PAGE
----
Photo Credit: Al Bello/Getty Images
Sunday night's music-filled Closing Ceremony marked the official end of the London Olympic Games. And now that all of the results have been tallied, it’s clear that the women -- and in particular the women of the U.S.A. -- are the games’ big winners.
First off, it was the first Olympics ever to which every participating nation sent at least one female athlete. There were close to 5,000 in all, more than at any other Olympic games in history. How awesome is that?
On the U.S. team, the women dominated in nearly every way you might choose to measure. There were more women than men on the team, and they won more gold medals. And get this staggering stat: The U.S.A. women won 29 of America’s total 46 gold medals. Were the U.S. women their own nation, they would have won more golds than any other country except China and tied Great Britain.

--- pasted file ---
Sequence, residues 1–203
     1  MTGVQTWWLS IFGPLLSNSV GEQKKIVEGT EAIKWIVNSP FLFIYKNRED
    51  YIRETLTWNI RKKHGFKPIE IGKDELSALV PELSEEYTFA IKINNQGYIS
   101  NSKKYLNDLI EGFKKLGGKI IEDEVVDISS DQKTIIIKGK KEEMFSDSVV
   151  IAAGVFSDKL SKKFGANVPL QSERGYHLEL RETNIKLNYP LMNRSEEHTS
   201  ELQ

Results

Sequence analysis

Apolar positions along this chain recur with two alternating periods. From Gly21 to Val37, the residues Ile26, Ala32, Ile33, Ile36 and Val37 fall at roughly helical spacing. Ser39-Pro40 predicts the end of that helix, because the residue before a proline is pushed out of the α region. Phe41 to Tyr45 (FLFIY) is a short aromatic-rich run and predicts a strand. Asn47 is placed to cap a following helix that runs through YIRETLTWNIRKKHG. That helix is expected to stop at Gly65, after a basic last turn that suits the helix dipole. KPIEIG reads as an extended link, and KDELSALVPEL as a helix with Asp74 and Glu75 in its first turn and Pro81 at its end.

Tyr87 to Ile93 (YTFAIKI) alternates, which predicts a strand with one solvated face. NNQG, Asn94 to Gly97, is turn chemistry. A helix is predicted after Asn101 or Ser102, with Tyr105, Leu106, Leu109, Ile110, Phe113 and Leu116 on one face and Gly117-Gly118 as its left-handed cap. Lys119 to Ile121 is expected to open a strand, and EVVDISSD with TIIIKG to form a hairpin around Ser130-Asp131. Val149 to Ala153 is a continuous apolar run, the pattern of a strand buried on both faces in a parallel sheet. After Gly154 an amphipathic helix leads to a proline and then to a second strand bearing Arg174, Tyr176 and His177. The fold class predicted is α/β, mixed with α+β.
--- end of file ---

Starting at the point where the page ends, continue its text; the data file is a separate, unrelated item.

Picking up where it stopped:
With women and girls like Gabby Douglas becoming household names in the span of just a couple of weeks, it seems clear that this Olympics had the power to inspire women of all ages everywhere. And it’s not just the female athletes’ dominance in their sports that inspired, but their back stories filled with financial, physical, and emotional adversities that could have debilitated them -- but didn’t.
It’s easy to see these female-dominated games as a milestone powerful enough to mark shifts even bigger than the sphere of athletics -- although athletics alone are a good place to start.
The Detroit Free Press points out this edition of the games stands to go down in history as the "Role Model Olympics,” and that one place change can and should be made is within the International Olympic Committee. Of the group’s 109 members, just 22 are women. “In 2012, that's an embarrassment,” goes the report in the Free Press. “As women were winning all of those medals, male IOC members were almost always handing them out. That has to change."
So as we wipe hours upon hours of coverage from our DVRs now that the games have wrapped, let’s try to keep those indelible memories of female triumph at the fore and do what we can to make incremental social changes in areas we influence, however small they may seem.
Alesandra Dubin is a Los Angeles-based writer. Follow her on Twitter: @alicedubin.